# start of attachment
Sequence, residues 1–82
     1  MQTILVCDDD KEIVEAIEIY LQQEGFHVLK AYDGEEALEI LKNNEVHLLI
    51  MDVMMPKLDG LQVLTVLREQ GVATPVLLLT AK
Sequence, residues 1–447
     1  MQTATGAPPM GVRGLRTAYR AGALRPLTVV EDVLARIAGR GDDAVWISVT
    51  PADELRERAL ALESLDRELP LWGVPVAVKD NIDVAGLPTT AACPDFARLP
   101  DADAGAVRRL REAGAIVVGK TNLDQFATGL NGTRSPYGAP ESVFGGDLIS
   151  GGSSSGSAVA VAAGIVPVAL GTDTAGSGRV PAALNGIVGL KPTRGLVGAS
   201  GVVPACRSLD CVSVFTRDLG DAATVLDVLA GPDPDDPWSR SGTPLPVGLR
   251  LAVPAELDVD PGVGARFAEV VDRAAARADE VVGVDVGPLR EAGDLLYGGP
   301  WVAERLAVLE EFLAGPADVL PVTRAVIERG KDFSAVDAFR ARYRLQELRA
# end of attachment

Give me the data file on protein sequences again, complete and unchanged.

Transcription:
Sequence, residues 1–82
     1  MQTILVCDDD KEIVEAIEIY LQQEGFHVLK AYDGEEALEI LKNNEVHLLI
    51  MDVMMPKLDG LQVLTVLREQ GVATPVLLLT AK
Sequence, residues 1–447
     1  MQTATGAPPM GVRGLRTAYR AGALRPLTVV EDVLARIAGR GDDAVWISVT
    51  PADELRERAL ALESLDRELP LWGVPVAVKD NIDVAGLPTT AACPDFARLP
   101  DADAGAVRRL REAGAIVVGK TNLDQFATGL NGTRSPYGAP ESVFGGDLIS
   151  GGSSSGSAVA VAAGIVPVAL GTDTAGSGRV PAALNGIVGL KPTRGLVGAS
   201  GVVPACRSLD CVSVFTRDLG DAATVLDVLA GPDPDDPWSR SGTPLPVGLR
   251  LAVPAELDVD PGVGARFAEV VDRAAARADE VVGVDVGPLR EAGDLLYGGP
   301  WVAERLAVLE EFLAGPADVL PVTRAVIERG KDFSAVDAFR ARYRLQELRA